It has been a long and difficult struggle for Ms. Stephens. After studying to become a Baptist minister, she spent two decades in the funeral industry, always presenting as a man – the sex assigned to her at birth. Then, after years of therapy, and gradually coming out to her family and friends, she decided in 2013 to begin coming to work as the woman she knew herself to be. She spent months writing and re-writing a letter  explaining the decision to her employers. When she finally found the right words, this is part of what she had to say:

“I realize some of you may have trouble understanding this. In truth, I have had to live with it every day of my life and even I do not fully understand it myself. As distressing as this is sure to be to my friends and some of my family, I need to do this for myself and for my own peace of mind, and to end the agony in my soul.”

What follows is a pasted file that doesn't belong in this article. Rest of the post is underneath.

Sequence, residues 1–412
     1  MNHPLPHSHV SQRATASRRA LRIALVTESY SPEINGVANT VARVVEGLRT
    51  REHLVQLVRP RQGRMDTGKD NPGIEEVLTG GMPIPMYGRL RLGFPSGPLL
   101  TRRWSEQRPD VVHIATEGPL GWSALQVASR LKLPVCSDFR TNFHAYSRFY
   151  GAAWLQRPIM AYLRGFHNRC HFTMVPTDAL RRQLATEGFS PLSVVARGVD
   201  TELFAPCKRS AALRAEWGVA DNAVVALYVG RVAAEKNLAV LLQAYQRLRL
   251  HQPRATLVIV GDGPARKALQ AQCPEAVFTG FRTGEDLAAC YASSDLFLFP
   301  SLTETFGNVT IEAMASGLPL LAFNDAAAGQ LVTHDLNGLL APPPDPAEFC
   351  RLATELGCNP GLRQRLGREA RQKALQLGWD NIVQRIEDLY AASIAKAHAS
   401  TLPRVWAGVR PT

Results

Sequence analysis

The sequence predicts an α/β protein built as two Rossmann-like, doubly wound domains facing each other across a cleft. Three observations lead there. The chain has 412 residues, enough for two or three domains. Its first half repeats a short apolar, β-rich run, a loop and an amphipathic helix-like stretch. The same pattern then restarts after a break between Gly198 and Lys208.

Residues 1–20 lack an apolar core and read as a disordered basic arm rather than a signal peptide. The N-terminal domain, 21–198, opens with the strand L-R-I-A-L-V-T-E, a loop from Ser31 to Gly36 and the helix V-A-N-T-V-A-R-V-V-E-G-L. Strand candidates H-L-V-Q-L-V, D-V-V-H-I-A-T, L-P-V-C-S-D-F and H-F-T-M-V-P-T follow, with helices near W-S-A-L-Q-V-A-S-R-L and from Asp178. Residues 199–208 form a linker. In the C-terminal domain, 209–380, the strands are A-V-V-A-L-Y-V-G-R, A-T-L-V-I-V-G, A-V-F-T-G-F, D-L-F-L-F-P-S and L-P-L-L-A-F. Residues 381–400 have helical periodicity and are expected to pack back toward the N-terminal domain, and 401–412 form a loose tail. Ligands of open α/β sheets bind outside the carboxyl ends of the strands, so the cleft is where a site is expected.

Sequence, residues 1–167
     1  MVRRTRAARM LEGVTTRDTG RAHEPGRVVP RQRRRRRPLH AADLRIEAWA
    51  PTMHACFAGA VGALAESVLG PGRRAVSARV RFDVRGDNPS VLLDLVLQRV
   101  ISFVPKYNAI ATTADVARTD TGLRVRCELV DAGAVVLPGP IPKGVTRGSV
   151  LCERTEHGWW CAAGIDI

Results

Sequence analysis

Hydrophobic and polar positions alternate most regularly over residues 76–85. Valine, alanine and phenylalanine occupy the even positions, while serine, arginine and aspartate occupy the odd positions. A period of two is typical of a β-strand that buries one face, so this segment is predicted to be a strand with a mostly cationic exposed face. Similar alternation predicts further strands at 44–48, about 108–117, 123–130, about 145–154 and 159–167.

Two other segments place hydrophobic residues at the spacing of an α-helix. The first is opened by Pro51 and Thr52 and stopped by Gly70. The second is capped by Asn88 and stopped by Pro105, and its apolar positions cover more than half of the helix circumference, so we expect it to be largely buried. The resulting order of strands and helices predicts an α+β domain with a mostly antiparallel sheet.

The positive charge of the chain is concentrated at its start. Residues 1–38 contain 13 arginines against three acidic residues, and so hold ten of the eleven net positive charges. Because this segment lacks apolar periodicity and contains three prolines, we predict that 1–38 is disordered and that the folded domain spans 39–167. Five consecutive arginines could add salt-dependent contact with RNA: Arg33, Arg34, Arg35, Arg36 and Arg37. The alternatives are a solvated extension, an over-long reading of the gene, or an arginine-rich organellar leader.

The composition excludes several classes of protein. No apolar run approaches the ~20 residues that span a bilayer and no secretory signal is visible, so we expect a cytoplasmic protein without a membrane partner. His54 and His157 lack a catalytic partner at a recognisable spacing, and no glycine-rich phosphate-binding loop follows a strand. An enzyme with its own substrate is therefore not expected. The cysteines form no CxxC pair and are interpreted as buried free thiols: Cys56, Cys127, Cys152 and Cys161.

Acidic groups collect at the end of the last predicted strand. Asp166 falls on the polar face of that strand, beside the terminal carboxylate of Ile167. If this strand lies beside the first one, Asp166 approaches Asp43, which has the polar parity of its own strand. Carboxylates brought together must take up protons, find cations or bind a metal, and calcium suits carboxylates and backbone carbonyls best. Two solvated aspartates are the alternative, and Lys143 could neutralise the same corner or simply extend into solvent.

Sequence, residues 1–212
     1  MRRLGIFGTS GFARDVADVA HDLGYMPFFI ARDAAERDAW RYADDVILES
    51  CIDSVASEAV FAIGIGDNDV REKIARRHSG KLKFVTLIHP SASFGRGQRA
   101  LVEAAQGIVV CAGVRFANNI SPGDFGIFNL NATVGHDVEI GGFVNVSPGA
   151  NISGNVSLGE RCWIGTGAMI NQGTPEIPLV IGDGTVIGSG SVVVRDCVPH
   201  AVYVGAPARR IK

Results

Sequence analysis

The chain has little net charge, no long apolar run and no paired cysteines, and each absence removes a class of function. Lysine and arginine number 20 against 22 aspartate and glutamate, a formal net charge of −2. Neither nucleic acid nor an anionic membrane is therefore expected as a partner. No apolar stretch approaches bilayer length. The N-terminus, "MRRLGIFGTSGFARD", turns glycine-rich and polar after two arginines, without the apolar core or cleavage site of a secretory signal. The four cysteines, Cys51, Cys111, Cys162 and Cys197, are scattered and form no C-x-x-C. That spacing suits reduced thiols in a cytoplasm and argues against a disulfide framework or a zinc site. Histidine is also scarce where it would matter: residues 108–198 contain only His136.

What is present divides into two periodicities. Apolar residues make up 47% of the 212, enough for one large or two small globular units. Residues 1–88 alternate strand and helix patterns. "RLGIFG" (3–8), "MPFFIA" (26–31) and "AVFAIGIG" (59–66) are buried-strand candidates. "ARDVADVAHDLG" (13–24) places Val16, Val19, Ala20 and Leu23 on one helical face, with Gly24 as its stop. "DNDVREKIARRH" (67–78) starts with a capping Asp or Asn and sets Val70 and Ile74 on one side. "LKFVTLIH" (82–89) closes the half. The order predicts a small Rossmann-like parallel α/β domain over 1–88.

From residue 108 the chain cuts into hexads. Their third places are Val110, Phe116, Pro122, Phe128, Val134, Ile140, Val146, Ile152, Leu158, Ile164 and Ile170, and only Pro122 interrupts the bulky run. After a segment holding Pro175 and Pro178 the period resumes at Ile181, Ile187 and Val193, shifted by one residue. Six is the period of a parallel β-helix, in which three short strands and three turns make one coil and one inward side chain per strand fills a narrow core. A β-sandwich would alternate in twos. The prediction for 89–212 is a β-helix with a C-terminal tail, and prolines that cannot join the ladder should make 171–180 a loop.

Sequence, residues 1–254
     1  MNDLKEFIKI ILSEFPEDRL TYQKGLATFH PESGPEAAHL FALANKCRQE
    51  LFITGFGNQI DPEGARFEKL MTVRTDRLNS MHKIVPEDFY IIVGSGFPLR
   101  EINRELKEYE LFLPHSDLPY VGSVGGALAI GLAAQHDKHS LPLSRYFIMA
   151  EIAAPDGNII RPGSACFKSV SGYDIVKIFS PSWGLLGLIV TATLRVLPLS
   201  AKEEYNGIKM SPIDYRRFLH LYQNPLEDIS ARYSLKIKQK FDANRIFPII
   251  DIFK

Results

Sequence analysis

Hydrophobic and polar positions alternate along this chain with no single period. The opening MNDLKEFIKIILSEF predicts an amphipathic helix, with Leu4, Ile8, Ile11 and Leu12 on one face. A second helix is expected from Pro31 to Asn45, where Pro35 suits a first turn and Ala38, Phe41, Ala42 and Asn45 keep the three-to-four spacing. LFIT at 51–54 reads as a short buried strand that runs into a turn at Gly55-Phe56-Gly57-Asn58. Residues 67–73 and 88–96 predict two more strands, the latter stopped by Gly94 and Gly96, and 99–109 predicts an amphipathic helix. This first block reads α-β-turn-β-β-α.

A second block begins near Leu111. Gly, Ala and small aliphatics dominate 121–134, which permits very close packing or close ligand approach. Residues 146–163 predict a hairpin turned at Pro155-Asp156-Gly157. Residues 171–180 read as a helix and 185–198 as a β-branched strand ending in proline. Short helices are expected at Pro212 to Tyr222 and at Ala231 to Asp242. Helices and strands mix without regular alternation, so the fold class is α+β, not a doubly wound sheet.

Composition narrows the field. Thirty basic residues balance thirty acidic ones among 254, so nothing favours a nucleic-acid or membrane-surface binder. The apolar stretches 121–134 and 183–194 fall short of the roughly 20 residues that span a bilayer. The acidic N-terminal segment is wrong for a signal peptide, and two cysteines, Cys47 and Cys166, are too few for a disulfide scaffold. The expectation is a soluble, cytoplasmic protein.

She was fired two weeks later.

An activist holds up a sign that reads 'Trans People Belong'

A Very Threatening Time

Instead of silently suffering the indignity and harm of being fired for doing nothing more than being herself, Ms. Stephens decided to fight back. The ACLU of Michigan represented Ms. Stephens in filing a complaint with the Equal Employment Opportunity Commission (EEOC), arguing that the funeral home, by firing her for presenting as female, engaged in unlawful sex discrimination and gender stereotyping in violation of Title VII of the Civil Rights Act.  After investigating the case, the EEOC concluded that Ms. Stephens’ employer had violated her rights under Title VII and in 2014 filed a lawsuit on her behalf in federal court. 

This case, along with another filed the same day in Florida, is the first time the EEOC challenged discrimination against transgender employees under Title VII.  The funeral home then retained counsel from the right-wing group Alliance Defending Freedom and, for the first time, asserted that it had a “religious freedom” right to fire Ms. Stephens. 

With the balance of the court shifted to the right following the appointment of two staunchly conservative justices by President Trump, there is no guarantee well-established law will be upheld.